Tuesday, 25 March 2014

Our FODMAP path to healthier living

Some of you may remember me mentioning that Sion had been suffering with some digestive problems late last year. He had a whole host of blood tests and even an ultrasound to rule out any nasties, but unfortunately a definite diagnosis was never given. Last month his symptoms flared up again and after a liver function test came back as abnormal we braced ourselves for the "urgent but routine" appointment his doctor had made for him.

Thankfully he now has a diagnosis of IBS, which while uncomfortable at times, is at least a manageable condition with diet and medication as necessary. His doctor gave him a list of foods that follow the FODMAP principle of diet. As a sign of support and to keep our weekly food bill reasonable I am happily now following this principle too.

Here comes the science bit (from this website);

FODMAPs are a collection of short chain carbohydrates and sugar alcohols found in foods naturally or as food additives. FODMAPs include fructose (in excess of glucose), fructans, galacto-oligosaccharides, lactose and polyols (eg. sorbitol and mannitol). A diet low in FODMAPs (“a low FODMAP diet”) is scientifically proven and is now used internationally as the most effective dietary therapy for Irritable Bowel Syndrome (IBS) and symptoms of an irritable bowel, including excessive wind (flatus), abdominal pain, bloating and distension, nausea and changes in bowel habits (diarrhoea and/or constipation). A low FODMAP diet has also been proven with solid scientific research to reduce symptoms of fatigue, lethargy and poor concentration.

FODMAP is an acronym that stands for:
Fermentable – meaning they are broken down (fermented) by bacteria in the large bowel
Oligosaccharides – “oligo” means “few” and “saccharide” means sugar. These molecules made up of individual sugars joined together in a chain
Disaccharides – “di” means two. This is a double sugar molecule.
Monosaccharides – “mono” means single. This is a single-sugar molecule.
Polyols – these are sugar alcohols (however don’t lead to intoxication!)

You can see a list of the key foods to avoid and enjoy here

The main foods that we now avoid are onions and garlic (except for the green part of spring onions), most green vegetables such as broccoli, asparagus & cabbage, stoned fruit (plums, peaches, nectarines), wheat and lactose containing dairy products such as cream and ice cream.

There are lots of foods that Sion can eat; sweet potato and pak choi are fast becoming favourites. We are learning what textures and flavours can substitute the "bad" list and how we can continue to enjoy the meals that were firm favourites before Sion's diagnosis.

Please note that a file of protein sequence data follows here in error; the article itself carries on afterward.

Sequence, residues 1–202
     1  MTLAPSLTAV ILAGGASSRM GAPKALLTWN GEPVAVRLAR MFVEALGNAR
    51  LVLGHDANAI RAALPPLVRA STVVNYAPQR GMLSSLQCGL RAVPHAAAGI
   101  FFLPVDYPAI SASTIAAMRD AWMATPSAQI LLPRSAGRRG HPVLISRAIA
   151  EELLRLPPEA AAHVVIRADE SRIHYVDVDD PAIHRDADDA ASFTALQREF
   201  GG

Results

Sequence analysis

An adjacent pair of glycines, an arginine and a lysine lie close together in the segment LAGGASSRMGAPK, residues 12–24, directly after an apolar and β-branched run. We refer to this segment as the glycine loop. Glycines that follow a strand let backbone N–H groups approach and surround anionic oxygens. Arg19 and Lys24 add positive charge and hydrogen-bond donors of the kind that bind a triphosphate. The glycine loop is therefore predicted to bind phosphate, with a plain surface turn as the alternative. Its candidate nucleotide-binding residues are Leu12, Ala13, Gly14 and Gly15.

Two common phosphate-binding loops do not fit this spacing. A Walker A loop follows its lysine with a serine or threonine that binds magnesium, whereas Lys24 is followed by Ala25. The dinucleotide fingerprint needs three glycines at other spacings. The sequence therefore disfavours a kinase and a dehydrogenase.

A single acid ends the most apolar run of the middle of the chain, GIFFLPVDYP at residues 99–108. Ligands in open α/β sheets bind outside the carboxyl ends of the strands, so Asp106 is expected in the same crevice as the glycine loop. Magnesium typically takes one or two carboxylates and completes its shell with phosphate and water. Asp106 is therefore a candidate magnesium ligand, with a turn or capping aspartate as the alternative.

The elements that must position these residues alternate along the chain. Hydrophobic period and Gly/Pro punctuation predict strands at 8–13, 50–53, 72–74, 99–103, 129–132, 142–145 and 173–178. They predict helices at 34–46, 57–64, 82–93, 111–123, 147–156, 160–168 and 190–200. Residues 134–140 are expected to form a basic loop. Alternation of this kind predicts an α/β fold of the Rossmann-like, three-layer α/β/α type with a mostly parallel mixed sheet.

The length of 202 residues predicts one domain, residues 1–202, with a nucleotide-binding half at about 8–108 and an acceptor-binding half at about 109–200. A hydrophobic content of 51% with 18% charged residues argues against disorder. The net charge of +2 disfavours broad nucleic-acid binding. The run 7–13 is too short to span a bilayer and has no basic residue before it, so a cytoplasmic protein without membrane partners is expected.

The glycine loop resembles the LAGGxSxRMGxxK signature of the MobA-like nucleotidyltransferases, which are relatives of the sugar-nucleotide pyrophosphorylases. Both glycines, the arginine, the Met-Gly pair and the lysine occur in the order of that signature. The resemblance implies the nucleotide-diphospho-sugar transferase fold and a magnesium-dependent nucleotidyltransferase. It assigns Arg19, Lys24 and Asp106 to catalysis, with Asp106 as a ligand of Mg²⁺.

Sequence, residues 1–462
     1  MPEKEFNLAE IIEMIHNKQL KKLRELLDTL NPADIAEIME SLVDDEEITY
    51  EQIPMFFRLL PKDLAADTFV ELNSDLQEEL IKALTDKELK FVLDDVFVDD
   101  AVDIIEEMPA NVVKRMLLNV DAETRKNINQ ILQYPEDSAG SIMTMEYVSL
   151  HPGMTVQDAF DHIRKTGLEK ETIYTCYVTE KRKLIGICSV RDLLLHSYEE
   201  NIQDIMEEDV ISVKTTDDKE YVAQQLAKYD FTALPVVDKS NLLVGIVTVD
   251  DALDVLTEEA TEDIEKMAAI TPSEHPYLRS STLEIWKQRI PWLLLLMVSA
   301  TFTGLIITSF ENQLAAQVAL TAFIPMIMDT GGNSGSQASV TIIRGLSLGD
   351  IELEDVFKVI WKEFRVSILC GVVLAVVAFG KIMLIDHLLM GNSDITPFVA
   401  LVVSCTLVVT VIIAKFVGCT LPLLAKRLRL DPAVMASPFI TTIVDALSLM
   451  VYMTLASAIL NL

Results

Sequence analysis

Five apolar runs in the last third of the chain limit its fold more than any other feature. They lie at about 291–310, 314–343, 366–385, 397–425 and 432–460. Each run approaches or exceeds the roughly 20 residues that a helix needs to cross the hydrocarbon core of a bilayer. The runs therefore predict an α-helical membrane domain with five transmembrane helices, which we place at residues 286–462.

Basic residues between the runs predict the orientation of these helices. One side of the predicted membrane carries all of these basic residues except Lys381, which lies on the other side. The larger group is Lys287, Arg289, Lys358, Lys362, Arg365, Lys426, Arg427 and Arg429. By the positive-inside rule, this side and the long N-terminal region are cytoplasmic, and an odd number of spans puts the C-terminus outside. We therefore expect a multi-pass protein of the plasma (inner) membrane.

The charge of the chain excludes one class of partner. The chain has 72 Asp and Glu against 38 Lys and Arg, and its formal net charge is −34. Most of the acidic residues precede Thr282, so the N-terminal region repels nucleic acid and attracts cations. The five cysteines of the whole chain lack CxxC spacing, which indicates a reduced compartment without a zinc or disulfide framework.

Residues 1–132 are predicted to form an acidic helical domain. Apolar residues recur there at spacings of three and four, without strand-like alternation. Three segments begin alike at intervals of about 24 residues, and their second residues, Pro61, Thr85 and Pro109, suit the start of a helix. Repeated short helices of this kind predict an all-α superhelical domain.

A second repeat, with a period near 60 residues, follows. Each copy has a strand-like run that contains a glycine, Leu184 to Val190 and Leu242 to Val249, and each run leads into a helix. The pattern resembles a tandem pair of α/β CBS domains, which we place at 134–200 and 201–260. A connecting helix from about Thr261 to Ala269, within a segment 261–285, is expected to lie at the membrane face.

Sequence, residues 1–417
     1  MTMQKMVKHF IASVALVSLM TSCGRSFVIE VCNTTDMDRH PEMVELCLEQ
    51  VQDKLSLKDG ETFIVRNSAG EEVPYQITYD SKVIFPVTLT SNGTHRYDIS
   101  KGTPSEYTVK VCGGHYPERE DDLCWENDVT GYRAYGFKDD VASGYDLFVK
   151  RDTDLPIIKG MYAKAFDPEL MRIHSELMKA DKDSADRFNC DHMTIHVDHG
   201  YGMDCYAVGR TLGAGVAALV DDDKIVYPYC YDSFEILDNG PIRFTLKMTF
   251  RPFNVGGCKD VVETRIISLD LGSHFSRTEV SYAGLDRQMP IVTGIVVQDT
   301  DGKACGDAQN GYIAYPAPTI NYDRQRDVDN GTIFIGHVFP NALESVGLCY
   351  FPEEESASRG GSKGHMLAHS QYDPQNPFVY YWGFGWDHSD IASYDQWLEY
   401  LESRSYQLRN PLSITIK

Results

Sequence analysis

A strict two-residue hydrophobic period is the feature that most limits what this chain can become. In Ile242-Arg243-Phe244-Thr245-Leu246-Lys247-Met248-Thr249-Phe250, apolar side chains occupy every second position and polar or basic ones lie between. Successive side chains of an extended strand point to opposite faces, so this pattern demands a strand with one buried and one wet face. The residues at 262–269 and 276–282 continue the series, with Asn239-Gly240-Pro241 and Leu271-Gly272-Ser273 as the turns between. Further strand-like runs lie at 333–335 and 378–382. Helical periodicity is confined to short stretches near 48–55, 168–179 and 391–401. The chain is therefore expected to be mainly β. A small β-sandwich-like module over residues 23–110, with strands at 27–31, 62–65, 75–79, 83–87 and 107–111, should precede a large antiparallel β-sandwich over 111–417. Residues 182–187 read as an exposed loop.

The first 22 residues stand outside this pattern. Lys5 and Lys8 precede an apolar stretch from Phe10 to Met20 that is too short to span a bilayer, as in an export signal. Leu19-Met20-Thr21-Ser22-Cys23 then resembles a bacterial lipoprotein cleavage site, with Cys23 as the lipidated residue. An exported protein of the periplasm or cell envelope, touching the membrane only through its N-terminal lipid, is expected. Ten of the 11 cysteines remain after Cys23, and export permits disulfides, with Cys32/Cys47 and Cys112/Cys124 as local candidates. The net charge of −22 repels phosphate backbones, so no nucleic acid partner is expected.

Now I have the space to cook and the light to take better pictures, over the coming weeks I will put up recipes of meals that we are able to enjoy. I am by no means an expert and would advise people to check with their GP before significantly changing their diet. However, with a few simple changes we have both noticed a change for the better over the last few weeks.


  1. I have several food intolerances and keep thinking I should look into this but loads of my favourite foods are FODMAP, was it hard to adjust?

  2. Hi Lisa, thanks for your comment. We've found it pretty easy to adjust, but we didn't eat much wheat beforehand which is one of the hardest things to cut out! The 2 biggest culprits are onions (except for the green part of spring onions) and garlic, so maybe try just cutting those out first to see if your symptoms improve. Let me know what are your favourite foods and I'll try and help with alternatives :)

  3. A very interesting post! My husband has IBS but neither of us has heard of this diet! He doesn't eat wheat any more though which has helped massively. I'll be interested to hear how it goes for you both. #MMWBH

    1. Hi Maddy, I'll do an update in a few weeks. It already seems to be helping both of us :)

  4. What an interesting post. My ex husband has UBS and from experience with him having it, it's not to pleasant, poor man. I must mention to him about removing wheat from his diet as that's something he would eat rather a lot of. Thanks for linking up to #madmidweekbloghop

    1. Hi Deborah, Yes that would be a good start - the other food that we have cut out is onions. It's made a massive difference to us both.